“How does it feel to be constantly regarded as a potential threat, strip-searched at every airport?
Or be told that, as an actress, the part you’re most fitted to play is ‘wife of a terrorist’? How does it feel to have words from your native language misused, misappropriated and used aggressively towards you? How does it feel to hear a child of colour say in a classroom that stories can only be about white people? How does it feel to go ‘home’ to India when your home is really London? What is it like to feel you always have to be an ambassador for your race? How does it feel to always tick ‘Other’?
Bringing together 21 exciting black, Asian and minority ethnic voices emerging in Britain today, The Good Immigrant explores why immigrants come to the UK, why they stay and what it means to be ‘other’ in a country that doesn’t seem to want you, doesn’t truly accept you – however many generations you’ve been here – but still needs you for its diversity monitoring forms.
Inspired by discussion around why society appears to deem people of colour as bad immigrants – job stealers, benefit scroungers, undeserving refugees – until, by winning Olympic races or baking good cakes, or being conscientious doctors, they cross over and become good immigrants, editor Nikesh Shukla has compiled a collection of essays that are poignant, challenging, angry, humorous, heartbreaking, polemic, weary and – most importantly – real.”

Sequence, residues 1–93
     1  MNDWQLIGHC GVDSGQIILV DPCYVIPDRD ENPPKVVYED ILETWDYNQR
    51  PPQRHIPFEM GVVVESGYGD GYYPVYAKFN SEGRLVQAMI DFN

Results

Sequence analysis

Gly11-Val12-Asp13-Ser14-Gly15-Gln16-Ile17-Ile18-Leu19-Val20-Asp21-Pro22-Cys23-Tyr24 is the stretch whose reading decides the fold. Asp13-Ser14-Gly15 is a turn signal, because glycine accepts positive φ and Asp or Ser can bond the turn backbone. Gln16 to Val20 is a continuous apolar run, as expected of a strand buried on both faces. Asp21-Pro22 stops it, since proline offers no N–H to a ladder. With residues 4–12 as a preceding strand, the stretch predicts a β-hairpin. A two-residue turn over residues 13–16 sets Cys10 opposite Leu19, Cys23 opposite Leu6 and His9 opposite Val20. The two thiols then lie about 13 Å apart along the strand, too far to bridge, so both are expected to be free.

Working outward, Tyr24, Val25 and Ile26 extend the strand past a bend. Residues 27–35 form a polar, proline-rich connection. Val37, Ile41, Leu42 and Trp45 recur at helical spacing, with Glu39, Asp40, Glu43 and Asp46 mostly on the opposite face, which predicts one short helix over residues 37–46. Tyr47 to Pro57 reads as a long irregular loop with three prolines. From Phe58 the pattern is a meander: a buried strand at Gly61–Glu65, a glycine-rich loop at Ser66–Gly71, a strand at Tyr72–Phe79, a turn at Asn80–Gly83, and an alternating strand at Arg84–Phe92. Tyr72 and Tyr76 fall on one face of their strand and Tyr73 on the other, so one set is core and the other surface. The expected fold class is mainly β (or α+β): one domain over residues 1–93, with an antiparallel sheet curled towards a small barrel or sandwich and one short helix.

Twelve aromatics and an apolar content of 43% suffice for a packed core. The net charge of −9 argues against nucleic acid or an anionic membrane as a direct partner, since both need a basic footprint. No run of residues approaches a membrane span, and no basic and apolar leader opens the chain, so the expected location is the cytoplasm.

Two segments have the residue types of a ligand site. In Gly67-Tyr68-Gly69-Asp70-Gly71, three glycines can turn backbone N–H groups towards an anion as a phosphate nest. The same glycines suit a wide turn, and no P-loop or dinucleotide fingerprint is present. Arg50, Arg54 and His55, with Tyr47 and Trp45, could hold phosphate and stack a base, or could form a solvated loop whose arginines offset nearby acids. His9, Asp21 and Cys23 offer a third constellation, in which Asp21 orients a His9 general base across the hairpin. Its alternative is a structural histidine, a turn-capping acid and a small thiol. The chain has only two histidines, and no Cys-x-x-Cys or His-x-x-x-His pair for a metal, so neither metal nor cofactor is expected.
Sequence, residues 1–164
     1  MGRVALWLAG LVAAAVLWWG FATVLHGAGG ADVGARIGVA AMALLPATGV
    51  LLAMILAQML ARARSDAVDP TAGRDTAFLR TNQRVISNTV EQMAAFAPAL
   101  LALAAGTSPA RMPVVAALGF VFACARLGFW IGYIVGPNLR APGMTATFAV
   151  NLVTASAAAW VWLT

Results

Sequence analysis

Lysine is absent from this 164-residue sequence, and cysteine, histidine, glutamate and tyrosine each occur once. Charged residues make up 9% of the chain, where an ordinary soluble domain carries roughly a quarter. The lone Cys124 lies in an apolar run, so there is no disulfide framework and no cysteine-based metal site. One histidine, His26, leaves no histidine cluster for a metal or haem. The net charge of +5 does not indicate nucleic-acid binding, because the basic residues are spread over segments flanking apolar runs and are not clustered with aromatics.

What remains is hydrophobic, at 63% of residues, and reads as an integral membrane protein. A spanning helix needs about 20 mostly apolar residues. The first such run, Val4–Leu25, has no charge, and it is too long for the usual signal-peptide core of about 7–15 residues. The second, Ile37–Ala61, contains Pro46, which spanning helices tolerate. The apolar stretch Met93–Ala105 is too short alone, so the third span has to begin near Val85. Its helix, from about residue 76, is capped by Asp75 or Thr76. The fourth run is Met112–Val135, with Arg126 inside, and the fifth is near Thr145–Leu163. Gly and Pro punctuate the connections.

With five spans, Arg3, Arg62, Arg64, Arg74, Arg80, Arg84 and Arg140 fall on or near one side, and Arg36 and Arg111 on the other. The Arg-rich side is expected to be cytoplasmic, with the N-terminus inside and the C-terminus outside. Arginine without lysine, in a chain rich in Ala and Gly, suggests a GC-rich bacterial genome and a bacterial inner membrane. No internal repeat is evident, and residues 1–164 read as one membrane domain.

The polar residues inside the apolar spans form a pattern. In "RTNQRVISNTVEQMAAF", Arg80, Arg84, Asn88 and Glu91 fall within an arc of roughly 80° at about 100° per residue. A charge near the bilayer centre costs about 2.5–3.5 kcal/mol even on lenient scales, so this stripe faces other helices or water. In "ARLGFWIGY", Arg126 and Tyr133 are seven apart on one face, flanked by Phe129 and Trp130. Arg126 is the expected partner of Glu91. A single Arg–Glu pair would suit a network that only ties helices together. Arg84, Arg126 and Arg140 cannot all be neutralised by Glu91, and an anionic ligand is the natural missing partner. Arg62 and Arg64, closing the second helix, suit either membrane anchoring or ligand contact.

“To be an immigrant, good or bad, is about straddling two homes, whilst knowing you don’t really belong to either”
I’ve been meaning to read The Good Immigrant ever since it was released last year, especially after seeing the fantastic reviews which highlight how important this book is. When I requested it from my local library, I was 5th on the list (and usually you don’t have to wait at all!) and I think this only reiterates how relevant and vital this book has become.
The Good Immigrant is a collection of 21 short essays by various BAME voices on their experiences of growing up as a minority and the effect this has had on their lives. Every single essay spoke to me on a different level and raised various experiences of what it’s like to live in Britain, when you are treated differently, just because of your race, ethnicity etc. Some essays were funny, others were heartbreaking, but they all equally added something unique to this collection
This collection is so important to read and I can’t recommend it enough. For me, I found it very eye opening, especially in regard to issues that I haven’t necessarily thought about or considered before. This would make a fantastic addition to school libraries, but I think it’s important for everyone to read – no matter your age. The Good Immigrant couldn’t be more relevant. Definitely one of my favourite anthologies of all time!
Have you read this book? Are you planning to?
Let me know in the comments!